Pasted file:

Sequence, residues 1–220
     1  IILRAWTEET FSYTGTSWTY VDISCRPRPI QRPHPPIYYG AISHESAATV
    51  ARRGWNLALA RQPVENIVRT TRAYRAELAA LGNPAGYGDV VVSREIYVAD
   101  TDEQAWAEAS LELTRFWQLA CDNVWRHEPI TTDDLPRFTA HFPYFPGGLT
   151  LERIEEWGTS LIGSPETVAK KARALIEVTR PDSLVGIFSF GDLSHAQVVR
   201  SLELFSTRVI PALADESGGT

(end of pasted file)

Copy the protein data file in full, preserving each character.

Sequence, residues 1–220
     1  IILRAWTEET FSYTGTSWTY VDISCRPRPI QRPHPPIYYG AISHESAATV
    51  ARRGWNLALA RQPVENIVRT TRAYRAELAA LGNPAGYGDV VVSREIYVAD
   101  TDEQAWAEAS LELTRFWQLA CDNVWRHEPI TTDDLPRFTA HFPYFPGGLT
   151  LERIEEWGTS LIGSPETVAK KARALIEVTR PDSLVGIFSF GDLSHAQVVR
   201  SLELFSTRVI PALADESGGT